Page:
In January 2020, during a festive White House unveiling of Donald Trump’s long-gestating peace plan, then-Israeli prime minister Benjamin Netanyahu giddily announced that under its auspices, Israel would move to immediately annex large parts of the West Bank.
The Israeli right was ecstatic. Finally, they believed, Israel would take full control of land that settler leaders hope will remain forever Israeli — and with the blessing of a US president, no less.
There was only one problem, according to new reporting on the events of those dramatic days: Nobody had bothered asking the president in question.
In fact, according to a new book from Israeli journalist Barak Ravid, Trump and peace-plan architect Jared Kushner were caught completely off guard by Netanyahu’s declaration during the White House event.
The new details were reported in a pair of podcast episodes released Monday in a new series from Axios called “How It Happened,” which uses Ravid’s reporting from his new Hebrew book, “Trump’s Peace,” to tell the story of how Trump’s failed peace plan morphed into the successful brokering of the Abraham Accords.
According to the podcast, Netanyahu decided to go forward with the annexation announcement after receiving assurances from then-US ambassador to Israel and longtime settlement-backer David Friedman that the US would back the move, even though the envoy never ran the idea by the White House.
The US proposal envisioned Israel annexing all of its settlements along with the Jordan Valley as part of a final status agreement. But it did not give a clear timeline, and it definitely did not stipulate that the move would take place right off the bat.
“Israel will apply its laws to the Jordan Valley, to all Jewish communities in Judea and Samaria, and to other areas that your plan designates as part of Israel and which the US agrees to recognize as part of Israel,” Netanyahu said.
Trump was standing right behind him and glanced at someone off stage, checking to make sure what he had just heard, Ravid recalled. After Netanyahu left the White House, Trump met with his advisers and asked them, “What the hell was that?”
Kushner, meanwhile, was livid.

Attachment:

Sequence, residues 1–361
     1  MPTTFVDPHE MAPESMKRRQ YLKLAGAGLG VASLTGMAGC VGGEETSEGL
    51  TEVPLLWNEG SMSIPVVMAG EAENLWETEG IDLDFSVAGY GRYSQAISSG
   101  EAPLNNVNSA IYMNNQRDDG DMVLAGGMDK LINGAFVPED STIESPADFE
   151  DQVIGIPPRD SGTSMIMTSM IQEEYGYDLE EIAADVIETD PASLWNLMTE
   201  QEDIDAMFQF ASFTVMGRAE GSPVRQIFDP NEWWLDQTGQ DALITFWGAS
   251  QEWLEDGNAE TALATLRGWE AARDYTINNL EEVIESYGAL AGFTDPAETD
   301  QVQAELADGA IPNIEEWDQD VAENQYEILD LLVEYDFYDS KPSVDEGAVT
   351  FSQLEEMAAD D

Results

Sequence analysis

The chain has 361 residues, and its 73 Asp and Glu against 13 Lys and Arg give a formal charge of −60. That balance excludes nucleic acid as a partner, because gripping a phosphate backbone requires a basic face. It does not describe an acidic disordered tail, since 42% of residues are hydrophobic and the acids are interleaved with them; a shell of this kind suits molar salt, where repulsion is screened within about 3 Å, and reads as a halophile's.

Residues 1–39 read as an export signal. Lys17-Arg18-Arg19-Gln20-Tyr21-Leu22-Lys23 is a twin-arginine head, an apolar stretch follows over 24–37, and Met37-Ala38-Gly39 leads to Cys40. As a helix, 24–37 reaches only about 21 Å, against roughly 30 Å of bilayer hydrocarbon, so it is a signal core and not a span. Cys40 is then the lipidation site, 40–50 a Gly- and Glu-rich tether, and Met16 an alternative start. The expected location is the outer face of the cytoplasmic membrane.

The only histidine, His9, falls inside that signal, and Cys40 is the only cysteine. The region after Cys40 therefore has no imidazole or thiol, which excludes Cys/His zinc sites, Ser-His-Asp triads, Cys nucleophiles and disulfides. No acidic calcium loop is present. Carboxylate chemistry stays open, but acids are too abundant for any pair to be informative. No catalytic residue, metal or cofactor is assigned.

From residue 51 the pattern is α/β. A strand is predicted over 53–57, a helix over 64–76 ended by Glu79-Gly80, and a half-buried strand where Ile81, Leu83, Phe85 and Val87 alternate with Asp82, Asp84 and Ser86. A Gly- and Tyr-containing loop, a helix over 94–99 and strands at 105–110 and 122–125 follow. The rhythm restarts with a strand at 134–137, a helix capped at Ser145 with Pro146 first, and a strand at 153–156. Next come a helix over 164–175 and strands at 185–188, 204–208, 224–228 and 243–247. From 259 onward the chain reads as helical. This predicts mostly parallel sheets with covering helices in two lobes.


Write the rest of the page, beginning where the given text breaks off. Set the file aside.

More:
The perfect platform
Going back to the peace plan’s earlier stages, Ravid began by sharing the story of how Kushner became tasked with handling the Israeli-Palestinian peace file. Ahead of his inauguration, Trump held a briefing with The New York Times, during which he told them of the decision, despite never having given Kushner the heads-up.
Kushner would go on to joke that Trump gave him the job because he must not like him very much.
Less than a year into the administration, after Trump had met with both Netanyahu and Palestinian Authority President Mahmoud Abbas, the president made the decision in 2017 to officially recognize Jerusalem as Israel’s capital.
Kushner notified a visiting PA delegation led by the late Palestinian negotiator Saeb Erekat of the decision in December 2017. Erekat was shocked and warned him that the move would disqualify the US as a peace broker and risked plummeting the region into violence, Ravid said. Kushner did not take the criticism well, and shouted back at Erekat that he would not be threatened.
Trump himself later phoned Abbas to update him personally of the decision and tried during the call to calm him down, assuring the PA leader that Ramallah would get its own gesture from Washington next. But after rambling for several minutes, Trump noticed that Abbas had hung up on him, Ravid said. That would be the last time the two leaders would ever talk.
Trump would go on to exact his own form of revenge in response to the PA’s refusal to engage with US peace efforts, cutting virtually all aid to the Palestinians, shuttering the PLO diplomatic office in Washington, and closing the US consulate in Jerusalem that historically had served as the de facto mission to the Palestinians.
Netanyahu, meanwhile, cozied up to Trump, seeking to capitalize on Trump’s anger toward the Palestinians and interest in pleasing his evangelical base. This paid dividends for the Israeli leader in the form of the US withdrawal from the Iran nuclear deal in May 2018, the opening of the US embassy in Jerusalem that same year, and Trump’s recognition of Israeli sovereignty over the Golan Heights in March 2019, just weeks before an election in Israel. (Trump told Ravid in a newly released interview that he had recognized the Golan in part because he wanted to help Netanyahu in the vote. But Netanyahu failed to secure a ruling majority and Israel was plunged into two years of political chaos and three more elections.)